Can you even believe we’re at this point in the year already? Honestly, it feels to me like the first 6 months of the year drag on for twice as long as it feels like they should and the second 6 months go past in a blink. So here we are, it’s beyond time to start thinking about Christmas wish lists. 

If you’re an organized person you probably already have your gifts bought, wrapped and hidden. I am not, by any stretch of the imagination, an organized person. Therefore, I’m just now getting around to really thinking about Christmas gifts for anyone. There is still a high likelihood I’ll buy something and hide it only to forget about it and find it next January. Totally theoretically. Not like that’s happened every year for the past several years. Because that would be bananas. Anyway.  

In addition to thinking about what my kids might like to receive under the tree, I start to get really sentimental about this time as well. I had dreamt about celebrating Christmas with my own kids for years before we ever had any. I imagined magical Christmas mornings filled with wonderous traditions. I daydreamed about giggles, gift wrap, and happiness all around. The longer I have children, the more I laugh at what I imagined the Christmas season would look like with them. I evidently have seen one too many Hallmark movies. You’d think after having experienced Christmas season with my brothers and sisters, I would have learned a thing or two about expectation versus reality. Dear reader, I have not.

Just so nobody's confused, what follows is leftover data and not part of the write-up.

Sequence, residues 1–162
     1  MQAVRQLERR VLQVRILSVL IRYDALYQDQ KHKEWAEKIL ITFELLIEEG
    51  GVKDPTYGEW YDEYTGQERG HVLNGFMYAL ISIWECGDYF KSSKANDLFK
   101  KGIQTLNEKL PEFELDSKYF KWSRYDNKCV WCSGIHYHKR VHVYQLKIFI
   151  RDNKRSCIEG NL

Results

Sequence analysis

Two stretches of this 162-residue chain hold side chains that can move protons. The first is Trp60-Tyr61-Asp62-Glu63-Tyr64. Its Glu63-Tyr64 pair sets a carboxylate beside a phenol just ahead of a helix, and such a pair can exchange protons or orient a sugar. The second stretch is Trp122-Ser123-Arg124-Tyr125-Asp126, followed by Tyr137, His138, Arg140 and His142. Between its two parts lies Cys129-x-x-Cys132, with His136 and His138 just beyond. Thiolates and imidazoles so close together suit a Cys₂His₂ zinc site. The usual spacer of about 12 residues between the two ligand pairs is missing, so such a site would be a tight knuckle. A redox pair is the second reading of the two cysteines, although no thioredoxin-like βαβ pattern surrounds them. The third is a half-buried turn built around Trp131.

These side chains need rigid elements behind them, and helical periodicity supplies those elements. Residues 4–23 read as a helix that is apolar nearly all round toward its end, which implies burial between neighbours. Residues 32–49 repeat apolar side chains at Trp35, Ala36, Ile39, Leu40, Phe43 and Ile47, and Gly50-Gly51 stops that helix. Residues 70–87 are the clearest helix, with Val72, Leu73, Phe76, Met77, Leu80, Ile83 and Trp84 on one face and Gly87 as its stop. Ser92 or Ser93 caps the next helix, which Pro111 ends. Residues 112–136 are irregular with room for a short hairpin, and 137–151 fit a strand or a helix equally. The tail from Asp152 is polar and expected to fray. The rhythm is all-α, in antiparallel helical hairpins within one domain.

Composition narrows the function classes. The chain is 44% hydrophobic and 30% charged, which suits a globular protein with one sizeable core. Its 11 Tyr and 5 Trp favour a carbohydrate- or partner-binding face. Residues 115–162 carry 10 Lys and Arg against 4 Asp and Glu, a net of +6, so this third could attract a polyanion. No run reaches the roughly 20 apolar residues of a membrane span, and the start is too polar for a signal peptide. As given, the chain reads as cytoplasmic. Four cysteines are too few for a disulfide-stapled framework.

Despite my knowledge to the contrary I still construct mile-high expectations and am brought low with disappointment in myself and others when my expectations are not even close to being met. It is a major personal flaw and, believe me when I say, I’m working on it. 

What does this all have to do with adoption? Well, because my kids all have trauma histories to one degree or another, they tend to have the same impossibly high expectations around holidays and birthdays. They expect and demand magical adventures and picture-perfect memories. Because we are all human and it is impossible to meet everyone’s expectations to every last detail, every holiday tends to end in someone or many someones being disappointed. 

And so, this year, I’ve decided that I have a list of Christmas wishes for my adopted children that I am fairly certain I can attain. I can’t promise there will be no drama. I can never promise that. In fact, often the trigger for big feelings is so innocuous to most people, it’s easy to miss what’s really going on. Again, I’m working on it. So, here’s my Christmas list for my adopted children.

1. I wish that you will get one thing this season that makes you really happy.

I promise I won’t be offended if you don’t love the thing I bought specifically for you and had to search 5 stores in Christmastime traffic to find. 

2. I wish that you’ll understand that even though our family isn’t perfect, we love you so much.

I promise I won’t get grumpy if you have some big feelings because you’re remembering holidays with your first family and it makes you sad. I’m the adult and it’s my job to be a safe place for you to express disappointment and sorrow. 

3. I wish that you’d tell me when you’re feeling overwhelmed with all of the people at the family gathering.

Here’s a not-so-secret secret for you: I get super overwhelmed in big gatherings too and if you say you need to leave it gives me a great excuse to leave as well. Don’t feel bad telling me these things. I am all for you feeling safe and not overwhelmed.